By definition, a Natural Burial (or Green Burial) is:
“the act of burying a body in a way that causes little damage to the environment, for example by not having the body embalmed (treated with special chemicals) and by using a coffin made of natural materials, so that the coffin and body can decay naturally” – Oxford Dictionary
Times change and what we consider the normal changes with it, as do what people want to happen to their body once they pass on. A natural burial is a way of returning the body to the earth and ensuring their final resting place is as eco-friendly as possible.
While the natural burial has certainly not replaced the more traditional funeral. It has offered an increasingly popular alternative. With current restrictions due to the coronavirus pandemic, holding a service at the side of a grave-often in an open field, meadow or wood-has kept a bit of normality.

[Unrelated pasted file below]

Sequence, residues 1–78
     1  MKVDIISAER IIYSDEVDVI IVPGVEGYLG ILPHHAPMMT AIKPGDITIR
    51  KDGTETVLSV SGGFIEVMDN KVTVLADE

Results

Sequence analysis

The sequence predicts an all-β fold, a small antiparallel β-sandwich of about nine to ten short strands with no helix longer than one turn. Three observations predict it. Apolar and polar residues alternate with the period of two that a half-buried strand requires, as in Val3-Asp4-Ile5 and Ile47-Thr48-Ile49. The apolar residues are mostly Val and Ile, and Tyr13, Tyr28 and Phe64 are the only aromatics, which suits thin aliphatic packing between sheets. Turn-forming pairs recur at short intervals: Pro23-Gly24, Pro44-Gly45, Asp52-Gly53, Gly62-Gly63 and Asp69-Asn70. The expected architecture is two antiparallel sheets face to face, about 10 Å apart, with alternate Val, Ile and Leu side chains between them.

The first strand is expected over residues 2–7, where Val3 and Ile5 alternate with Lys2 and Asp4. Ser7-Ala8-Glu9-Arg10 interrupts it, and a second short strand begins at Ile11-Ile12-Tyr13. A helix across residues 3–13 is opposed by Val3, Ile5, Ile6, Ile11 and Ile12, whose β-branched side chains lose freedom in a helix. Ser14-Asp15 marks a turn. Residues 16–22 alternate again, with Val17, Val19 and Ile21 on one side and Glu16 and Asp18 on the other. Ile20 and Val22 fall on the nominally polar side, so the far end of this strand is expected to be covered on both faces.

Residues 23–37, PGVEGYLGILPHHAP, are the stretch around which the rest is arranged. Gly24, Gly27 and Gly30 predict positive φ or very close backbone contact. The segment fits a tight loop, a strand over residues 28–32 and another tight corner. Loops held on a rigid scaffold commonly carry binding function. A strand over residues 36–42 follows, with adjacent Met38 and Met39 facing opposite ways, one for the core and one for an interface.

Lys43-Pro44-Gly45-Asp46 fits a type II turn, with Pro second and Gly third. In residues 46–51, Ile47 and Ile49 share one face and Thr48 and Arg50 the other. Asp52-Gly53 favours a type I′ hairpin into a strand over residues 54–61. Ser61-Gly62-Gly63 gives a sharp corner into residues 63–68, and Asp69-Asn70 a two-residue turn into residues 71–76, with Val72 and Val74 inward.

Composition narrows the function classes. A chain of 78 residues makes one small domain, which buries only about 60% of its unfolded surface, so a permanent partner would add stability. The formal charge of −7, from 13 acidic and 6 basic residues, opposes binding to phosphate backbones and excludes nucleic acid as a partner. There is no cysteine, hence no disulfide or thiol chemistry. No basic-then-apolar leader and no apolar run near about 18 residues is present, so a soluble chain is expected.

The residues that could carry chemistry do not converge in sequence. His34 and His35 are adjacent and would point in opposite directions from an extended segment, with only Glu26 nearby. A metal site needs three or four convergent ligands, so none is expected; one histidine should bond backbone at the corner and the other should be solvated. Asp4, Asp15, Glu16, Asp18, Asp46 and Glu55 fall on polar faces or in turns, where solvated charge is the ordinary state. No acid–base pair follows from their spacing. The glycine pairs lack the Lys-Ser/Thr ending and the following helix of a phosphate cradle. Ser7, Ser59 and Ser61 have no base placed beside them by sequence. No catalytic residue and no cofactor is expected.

What are some of the main differences?
Overall the method has much less of a negative impact on the environment. By rejecting more traditional methods of embalming and the use of coffins which take long periods of time to bio-degrade, the body can be returned to the earth in the most natural way possible. Natural burial grounds often also restrict what can be placed around the grave. Ensuring only natural materials are used.
What is the difference in cost?
Natural burials can be considerably more cost-effective than more traditional burials. When a natural burial ground is established, they are protected from development and have a long-term future as an eco-space in which nature is allowed to thrive. The average cost thought to be around £5000. This estimation is broken down further in an article by Dignity Funerals.